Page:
South African free to race with immediate effect
Daryl Impey (Orica-GreenEdge) is free to make a return to racing having successfully shown that he did not intentionally take the diuretic Probenecid for which he tested positive in February.
The news of the test wasn't announced until June 2 with Impey's A and B samples for Probenecid both coming back positive. He was removed from the Orica GreenEdge roster with immediate effect.
"I'm thrilled to have been given the notification that I'm 100% OK to race again and no sanction whatsoever will be applied," he said. "I was confident in my defense and I'm thankful that I was given the chance clear my name beyond any type of doubt. It's been a tough period to get through, but I'd like to thank my team for giving me the possibility to focus solely on getting this process done properly. All I can think of now is that I get to join my team and race my bike again as soon as possible," said Impey.
"Whilst I never disputed the lab results and the finding, I was put in a very tough position of defending my case due to strict liability. That being said, and after already having to go back 5 months to try find out how this could have happened, I finally was able to prove that this was a case of cross-contamination and I was also cleared of any fault or negligence on my part."
Impey claimed that the Probenicid entered his system through contaminated gelatine capsules that he had bought from a pharmacy, which he later put bicarbonate of soda in. The bicarbonate of soda was used to prevent the build-up of lactate acid. He told the hearing that the pharmacist who had issued him the capsules had the Probenecid on his hands from dealing with a prior customer. Till receipts proving that this was the case were apparently the defining factor in Impey being cleared.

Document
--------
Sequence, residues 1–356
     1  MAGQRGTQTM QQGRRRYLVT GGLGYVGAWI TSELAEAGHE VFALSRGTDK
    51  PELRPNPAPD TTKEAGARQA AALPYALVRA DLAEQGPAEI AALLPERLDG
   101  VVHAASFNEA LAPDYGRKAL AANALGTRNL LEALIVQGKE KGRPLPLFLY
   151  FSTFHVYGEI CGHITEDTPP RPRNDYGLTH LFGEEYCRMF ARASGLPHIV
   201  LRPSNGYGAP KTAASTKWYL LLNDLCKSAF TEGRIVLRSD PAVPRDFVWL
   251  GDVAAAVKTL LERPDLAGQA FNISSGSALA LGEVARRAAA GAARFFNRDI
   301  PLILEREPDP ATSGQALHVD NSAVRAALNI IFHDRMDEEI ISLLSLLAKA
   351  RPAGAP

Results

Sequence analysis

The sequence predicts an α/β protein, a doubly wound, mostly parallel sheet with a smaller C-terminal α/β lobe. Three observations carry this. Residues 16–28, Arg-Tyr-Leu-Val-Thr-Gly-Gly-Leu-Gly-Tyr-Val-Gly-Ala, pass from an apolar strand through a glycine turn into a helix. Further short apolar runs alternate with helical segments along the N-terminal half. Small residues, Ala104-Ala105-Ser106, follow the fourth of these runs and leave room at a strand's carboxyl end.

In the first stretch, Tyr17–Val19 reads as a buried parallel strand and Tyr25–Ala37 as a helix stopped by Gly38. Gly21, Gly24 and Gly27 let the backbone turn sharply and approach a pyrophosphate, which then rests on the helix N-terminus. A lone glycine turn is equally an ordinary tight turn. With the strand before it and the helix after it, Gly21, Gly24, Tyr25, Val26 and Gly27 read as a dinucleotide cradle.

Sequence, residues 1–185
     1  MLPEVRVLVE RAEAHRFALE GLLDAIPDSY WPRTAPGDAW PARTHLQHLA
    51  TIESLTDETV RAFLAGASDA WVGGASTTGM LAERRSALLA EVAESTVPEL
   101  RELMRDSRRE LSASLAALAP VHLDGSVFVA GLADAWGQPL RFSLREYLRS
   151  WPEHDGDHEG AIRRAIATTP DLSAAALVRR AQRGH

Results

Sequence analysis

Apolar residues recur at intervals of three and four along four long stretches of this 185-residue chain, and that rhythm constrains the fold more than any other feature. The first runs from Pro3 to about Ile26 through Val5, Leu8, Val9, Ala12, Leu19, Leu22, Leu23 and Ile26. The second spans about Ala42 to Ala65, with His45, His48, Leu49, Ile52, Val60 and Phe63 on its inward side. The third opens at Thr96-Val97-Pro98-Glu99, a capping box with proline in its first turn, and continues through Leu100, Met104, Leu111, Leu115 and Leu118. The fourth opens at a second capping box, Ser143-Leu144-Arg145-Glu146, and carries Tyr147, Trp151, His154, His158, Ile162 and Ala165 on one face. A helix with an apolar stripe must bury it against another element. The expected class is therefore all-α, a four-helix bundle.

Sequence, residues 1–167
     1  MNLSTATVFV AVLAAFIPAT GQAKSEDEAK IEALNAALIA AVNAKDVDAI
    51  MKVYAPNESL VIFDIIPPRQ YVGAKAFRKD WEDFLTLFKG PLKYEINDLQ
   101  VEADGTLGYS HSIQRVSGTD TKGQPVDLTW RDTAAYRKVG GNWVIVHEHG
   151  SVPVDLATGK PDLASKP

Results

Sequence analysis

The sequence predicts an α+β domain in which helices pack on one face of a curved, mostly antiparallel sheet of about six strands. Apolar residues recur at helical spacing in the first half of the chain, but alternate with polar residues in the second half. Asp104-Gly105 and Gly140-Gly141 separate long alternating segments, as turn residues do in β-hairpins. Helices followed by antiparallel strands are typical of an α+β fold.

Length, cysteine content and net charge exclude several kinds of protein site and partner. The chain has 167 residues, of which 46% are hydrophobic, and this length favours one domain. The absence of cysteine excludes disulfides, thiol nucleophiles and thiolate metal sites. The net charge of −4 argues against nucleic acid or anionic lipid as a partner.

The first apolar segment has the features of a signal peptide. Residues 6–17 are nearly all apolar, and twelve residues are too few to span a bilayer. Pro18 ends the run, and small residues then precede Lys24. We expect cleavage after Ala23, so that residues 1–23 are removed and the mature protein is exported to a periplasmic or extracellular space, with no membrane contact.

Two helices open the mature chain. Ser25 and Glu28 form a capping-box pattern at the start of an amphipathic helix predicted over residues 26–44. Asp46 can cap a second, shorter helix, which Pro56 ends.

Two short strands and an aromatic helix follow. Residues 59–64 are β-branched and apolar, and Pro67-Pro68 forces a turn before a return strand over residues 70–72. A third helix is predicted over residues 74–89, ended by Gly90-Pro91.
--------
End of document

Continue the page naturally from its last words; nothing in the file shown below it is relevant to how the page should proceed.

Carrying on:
In a statement released by the team, general manager Shayne Bannan expressed his delight with the news. "We are extremely happy with the fact that Daryl has been 100% cleared to race and we all look forward to having him back riding for us," Bannan said. "Daryl is a key rider for the team and we very pleased with how he has handled his case and the process around it. We will reinstate Daryl in our racing roster as soon as possible."
Impey became the first African rider to wear the yellow jersey at the Tour de France last year which he held for two days. The 29-year-old won stage 3 of the Bayern Rundfahrt in May and earlier in the year had defended his South African national time trial title after which he returned the positive test.
"I am hoping to return back to racing now, and hopefully compete before the World Championships in September," said Impey. "I re-iterate my stance against doping and I will continue to race clean throughout my career. Right now, I am just really happy that I can be a bike rider again and do what I love the most."
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